The First Traders On The Island

 
 
For several years after the return of Hudson, Dutch merchants sent their ships to the Island of Manhattan, and each ship returned to Holland laden with costly furs which the Indians had traded for glass beads and strips of gay cloth. The Indians cared a great deal more for glittering glass and highly colored rags than they did for furs.

One trader above all others whose name should be remembered, was Adrian Block. He came in a ship called the Tiger. This ship was anchored in the bay close by what is now called the Battery, and directly in the course that the ferry-boats take when they go to Staten Island.

On a cold night in November it took fire and was burned to the water's edge. Block and those who were with him would all have been burned to death had they not been strong and hardy men who were able to swim ashore in the ice-cold water. Even when they reached the shore they were not safe, for there were no houses or places of shelter; the winter was coming on, and the woods were filled with wild beasts. But Block and his men very soon built houses for themselves; rude and clumsy buildings to look at, but warm and comfortable within. They were the first houses of white men on the Island of Manhattan. If you wish to see where they stood, take a walk down Broadway, and just before you reach the Bowling Green, on a house which is numbered 41, you will find a tablet of brass which tells that Block's houses stood on that self-same spot.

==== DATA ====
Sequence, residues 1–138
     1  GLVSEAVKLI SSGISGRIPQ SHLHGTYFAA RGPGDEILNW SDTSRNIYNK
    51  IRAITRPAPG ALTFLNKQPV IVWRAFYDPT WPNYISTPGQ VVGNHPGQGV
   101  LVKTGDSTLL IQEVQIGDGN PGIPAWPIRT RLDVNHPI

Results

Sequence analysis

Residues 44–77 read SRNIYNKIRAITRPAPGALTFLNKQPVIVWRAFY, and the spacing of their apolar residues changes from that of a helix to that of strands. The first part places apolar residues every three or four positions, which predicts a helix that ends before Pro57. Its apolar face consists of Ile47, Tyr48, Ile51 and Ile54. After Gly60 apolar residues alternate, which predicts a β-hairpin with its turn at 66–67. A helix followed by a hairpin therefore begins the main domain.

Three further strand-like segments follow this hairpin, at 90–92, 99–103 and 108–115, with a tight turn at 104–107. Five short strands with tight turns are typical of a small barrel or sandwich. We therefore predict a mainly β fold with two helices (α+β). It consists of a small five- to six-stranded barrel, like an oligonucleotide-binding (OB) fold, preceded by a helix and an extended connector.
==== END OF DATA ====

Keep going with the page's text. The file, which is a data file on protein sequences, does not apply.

As soon as the hard winter was over, Block and his men began to build a new ship, and before another winter had come they had one larger than the Tiger. It was the first vessel to be built in the new world, and was called the Restless.

That same year the Dutch merchants decided that they were giving too many glass beads for the furs, and that if all the merchants combined into one company they might not have to give so many. So they did combine, and called themselves the United New Netherlands Company. It was in this way that the name New Netherlands first appeared.